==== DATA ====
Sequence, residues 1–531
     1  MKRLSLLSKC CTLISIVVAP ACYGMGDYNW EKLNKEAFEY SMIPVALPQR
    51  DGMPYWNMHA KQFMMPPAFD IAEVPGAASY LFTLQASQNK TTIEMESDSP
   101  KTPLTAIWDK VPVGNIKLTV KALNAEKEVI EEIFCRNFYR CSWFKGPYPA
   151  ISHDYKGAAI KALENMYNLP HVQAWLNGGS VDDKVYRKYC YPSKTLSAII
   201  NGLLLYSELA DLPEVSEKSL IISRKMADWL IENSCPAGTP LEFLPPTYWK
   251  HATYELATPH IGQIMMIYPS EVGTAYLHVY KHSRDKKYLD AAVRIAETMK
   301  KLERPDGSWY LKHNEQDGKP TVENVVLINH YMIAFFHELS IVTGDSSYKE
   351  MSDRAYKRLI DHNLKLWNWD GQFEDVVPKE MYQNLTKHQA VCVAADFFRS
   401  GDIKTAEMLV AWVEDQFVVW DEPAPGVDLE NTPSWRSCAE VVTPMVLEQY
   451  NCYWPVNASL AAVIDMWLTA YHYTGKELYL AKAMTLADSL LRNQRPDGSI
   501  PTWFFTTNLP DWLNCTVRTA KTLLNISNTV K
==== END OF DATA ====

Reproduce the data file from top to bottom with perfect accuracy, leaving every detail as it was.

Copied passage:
Sequence, residues 1–531
     1  MKRLSLLSKC CTLISIVVAP ACYGMGDYNW EKLNKEAFEY SMIPVALPQR
    51  DGMPYWNMHA KQFMMPPAFD IAEVPGAASY LFTLQASQNK TTIEMESDSP
   101  KTPLTAIWDK VPVGNIKLTV KALNAEKEVI EEIFCRNFYR CSWFKGPYPA
   151  ISHDYKGAAI KALENMYNLP HVQAWLNGGS VDDKVYRKYC YPSKTLSAII
   201  NGLLLYSELA DLPEVSEKSL IISRKMADWL IENSCPAGTP LEFLPPTYWK
   251  HATYELATPH IGQIMMIYPS EVGTAYLHVY KHSRDKKYLD AAVRIAETMK
   301  KLERPDGSWY LKHNEQDGKP TVENVVLINH YMIAFFHELS IVTGDSSYKE
   351  MSDRAYKRLI DHNLKLWNWD GQFEDVVPKE MYQNLTKHQA VCVAADFFRS
   401  GDIKTAEMLV AWVEDQFVVW DEPAPGVDLE NTPSWRSCAE VVTPMVLEQY
   451  NCYWPVNASL AAVIDMWLTA YHYTGKELYL AKAMTLADSL LRNQRPDGSI
   501  PTWFFTTNLP DWLNCTVRTA KTLLNISNTV K